Today marks what would’ve been Christopher Reeve’s 65th birthday and forty years to the day where he turned 25 on the set of Superman: The Movie.
One cannot help but wonder what Reeve would be doing now had his life not taken such a fateful turn in 1995. It would seem (by Hollywood standards) that being of pensionable age no longer inhibits the revival of vintage franchises (see Harrison Ford) so its conceivable that Reeve would still be involved in some capacity with his most celebrated turn – maybe even as a director. Indeed, just before his accident Reeve seemed to be set on a return to the mainstream again, appearing in the critically acclaimed Remains of the Day alongside cult fare like The Village of The Damned. Tragic, then, on one hand that his best work onscreen may have been to come but on the other, his pioneering efforts on behalf of the disabled community will surely serve to change lives for the better all over the world.
SUPERMANIA is proud to help preserve the legacy with this newest addition to the collection, a significant find that surfaced only recently after more than 40 years. Many Superfans are aware that lifecasts/masks were taken by makeup supremo Stuart Freeborn for most of the lead actors and that recasts of Reeve’s have been circulating for a number of years (click here). These reproductions were of an altered cast made for production (where the eyes were cut out for the purposes of adding false ones later) so are more of an SFX curio than a ‘standard’ lifecast. These, along with a few other variations offered by Propstore over the years (serving as wig mounts and suchlike) were believed to be the only existing examples remaining from the series after Freeborn’s passing.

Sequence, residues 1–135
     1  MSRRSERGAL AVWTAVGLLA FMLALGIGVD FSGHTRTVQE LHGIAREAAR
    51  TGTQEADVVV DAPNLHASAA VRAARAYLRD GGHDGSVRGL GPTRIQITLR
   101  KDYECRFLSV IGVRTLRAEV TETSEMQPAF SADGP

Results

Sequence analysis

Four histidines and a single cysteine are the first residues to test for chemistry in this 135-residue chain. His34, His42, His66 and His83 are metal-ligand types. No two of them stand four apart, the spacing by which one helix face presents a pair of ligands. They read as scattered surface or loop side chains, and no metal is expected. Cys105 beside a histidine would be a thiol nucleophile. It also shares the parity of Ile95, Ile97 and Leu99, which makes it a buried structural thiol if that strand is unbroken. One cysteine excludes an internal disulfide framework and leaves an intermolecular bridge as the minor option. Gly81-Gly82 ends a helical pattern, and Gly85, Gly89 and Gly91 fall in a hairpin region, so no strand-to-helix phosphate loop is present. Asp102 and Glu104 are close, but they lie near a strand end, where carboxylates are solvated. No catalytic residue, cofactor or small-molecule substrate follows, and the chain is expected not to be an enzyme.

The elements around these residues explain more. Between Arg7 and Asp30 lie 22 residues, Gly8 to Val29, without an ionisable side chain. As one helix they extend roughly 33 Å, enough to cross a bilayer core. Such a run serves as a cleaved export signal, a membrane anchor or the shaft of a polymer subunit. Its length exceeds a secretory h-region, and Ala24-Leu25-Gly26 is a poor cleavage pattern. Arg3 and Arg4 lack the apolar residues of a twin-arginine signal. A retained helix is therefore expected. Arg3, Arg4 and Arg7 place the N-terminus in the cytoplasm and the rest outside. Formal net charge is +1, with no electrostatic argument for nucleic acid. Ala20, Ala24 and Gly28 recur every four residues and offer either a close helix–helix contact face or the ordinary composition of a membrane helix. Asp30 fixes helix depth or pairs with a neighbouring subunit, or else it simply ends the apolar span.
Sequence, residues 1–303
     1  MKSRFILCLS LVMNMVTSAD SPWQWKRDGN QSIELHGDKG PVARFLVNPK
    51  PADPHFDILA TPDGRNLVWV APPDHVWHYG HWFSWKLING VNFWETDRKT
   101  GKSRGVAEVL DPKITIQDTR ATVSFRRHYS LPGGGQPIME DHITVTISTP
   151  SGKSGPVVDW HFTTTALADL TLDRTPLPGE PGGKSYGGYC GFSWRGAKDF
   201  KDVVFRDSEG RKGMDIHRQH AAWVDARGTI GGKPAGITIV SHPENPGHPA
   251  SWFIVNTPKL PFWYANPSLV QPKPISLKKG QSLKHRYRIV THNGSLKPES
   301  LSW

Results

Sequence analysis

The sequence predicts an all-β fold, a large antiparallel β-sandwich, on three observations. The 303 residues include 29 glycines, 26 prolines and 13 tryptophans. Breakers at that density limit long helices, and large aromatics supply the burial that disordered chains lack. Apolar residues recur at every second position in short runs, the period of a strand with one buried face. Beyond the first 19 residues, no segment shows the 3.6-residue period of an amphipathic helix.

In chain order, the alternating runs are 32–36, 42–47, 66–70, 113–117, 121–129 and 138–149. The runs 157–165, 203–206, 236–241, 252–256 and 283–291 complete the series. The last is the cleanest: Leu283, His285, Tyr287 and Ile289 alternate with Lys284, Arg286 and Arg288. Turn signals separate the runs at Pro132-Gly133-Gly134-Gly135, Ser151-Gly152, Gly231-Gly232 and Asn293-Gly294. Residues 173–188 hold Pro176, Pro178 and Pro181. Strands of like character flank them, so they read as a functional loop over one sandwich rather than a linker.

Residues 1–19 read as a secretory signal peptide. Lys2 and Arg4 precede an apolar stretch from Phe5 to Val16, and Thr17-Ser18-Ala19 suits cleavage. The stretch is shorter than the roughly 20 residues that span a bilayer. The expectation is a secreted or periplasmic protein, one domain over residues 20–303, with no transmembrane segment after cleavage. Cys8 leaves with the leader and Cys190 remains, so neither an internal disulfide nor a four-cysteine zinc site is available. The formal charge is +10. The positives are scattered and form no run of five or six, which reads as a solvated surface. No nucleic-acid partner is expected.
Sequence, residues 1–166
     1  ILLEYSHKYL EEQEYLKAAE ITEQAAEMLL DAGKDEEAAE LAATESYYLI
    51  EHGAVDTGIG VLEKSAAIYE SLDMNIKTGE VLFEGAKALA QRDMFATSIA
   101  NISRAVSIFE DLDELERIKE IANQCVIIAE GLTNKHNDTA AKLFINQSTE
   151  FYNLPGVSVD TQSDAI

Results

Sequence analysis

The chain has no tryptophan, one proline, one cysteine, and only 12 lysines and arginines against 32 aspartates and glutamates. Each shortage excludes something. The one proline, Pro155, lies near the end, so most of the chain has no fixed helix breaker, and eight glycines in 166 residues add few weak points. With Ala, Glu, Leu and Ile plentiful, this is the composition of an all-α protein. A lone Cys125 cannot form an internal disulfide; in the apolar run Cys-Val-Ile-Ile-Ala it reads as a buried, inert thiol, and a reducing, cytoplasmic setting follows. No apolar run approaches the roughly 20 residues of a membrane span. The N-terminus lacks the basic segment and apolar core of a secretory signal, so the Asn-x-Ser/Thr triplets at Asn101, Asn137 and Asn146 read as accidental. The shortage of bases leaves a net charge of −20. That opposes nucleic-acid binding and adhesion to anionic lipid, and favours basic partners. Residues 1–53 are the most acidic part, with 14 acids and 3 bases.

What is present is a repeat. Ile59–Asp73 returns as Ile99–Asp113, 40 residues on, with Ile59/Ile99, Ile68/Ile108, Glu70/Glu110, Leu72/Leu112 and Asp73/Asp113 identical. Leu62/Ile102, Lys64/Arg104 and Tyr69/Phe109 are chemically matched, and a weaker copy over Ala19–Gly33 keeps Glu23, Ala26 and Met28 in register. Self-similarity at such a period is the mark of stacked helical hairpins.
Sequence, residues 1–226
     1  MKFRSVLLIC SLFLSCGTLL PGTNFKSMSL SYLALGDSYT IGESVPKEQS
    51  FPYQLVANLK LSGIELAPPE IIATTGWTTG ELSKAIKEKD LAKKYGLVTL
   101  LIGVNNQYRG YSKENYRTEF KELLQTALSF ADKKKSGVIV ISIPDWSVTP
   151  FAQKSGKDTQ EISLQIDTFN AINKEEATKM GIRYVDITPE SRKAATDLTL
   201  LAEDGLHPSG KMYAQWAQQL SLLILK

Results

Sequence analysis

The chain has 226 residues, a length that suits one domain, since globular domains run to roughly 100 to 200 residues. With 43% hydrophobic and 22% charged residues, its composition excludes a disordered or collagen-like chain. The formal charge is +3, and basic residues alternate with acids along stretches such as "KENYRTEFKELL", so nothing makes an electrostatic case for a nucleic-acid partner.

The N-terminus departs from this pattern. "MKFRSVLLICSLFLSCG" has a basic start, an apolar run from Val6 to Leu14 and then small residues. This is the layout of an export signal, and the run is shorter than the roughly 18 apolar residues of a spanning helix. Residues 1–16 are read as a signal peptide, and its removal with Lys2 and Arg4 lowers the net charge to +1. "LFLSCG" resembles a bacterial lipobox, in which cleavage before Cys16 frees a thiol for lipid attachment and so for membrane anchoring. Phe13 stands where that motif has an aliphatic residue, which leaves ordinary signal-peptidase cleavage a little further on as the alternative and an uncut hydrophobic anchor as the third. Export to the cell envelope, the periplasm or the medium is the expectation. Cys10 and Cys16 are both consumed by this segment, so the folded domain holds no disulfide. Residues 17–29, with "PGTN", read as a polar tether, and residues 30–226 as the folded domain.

So imagine the surprise when a complete, almost full-head casting with superb detail appears from nowhere and instantly becomes the definitive source for reference to date. While some consider lifecasts to be ghoulish, this fibreglass pull is nonetheless a superb impression of the late actor. Note how it compares in size with the older FX casting (third pic) having shrunk many generations down the line. Though the newer cast isn’t perfect (suffering from some distortion and lack of clarity around the nose) its shortcomings are made up for by the inclusion of the ears, a very uncommon feature to survive the process…
We miss you, ‘Toph…
SUPERMANIA presents what at a casual glance would appear to be just another cover story for the opening of the theatrical run of Superman II but this particular issue of London’s Time Out magazine from 1981 represents not only the first no-holds-barred account of the troubled production but what would ultimately result in the demotion of the leading lady.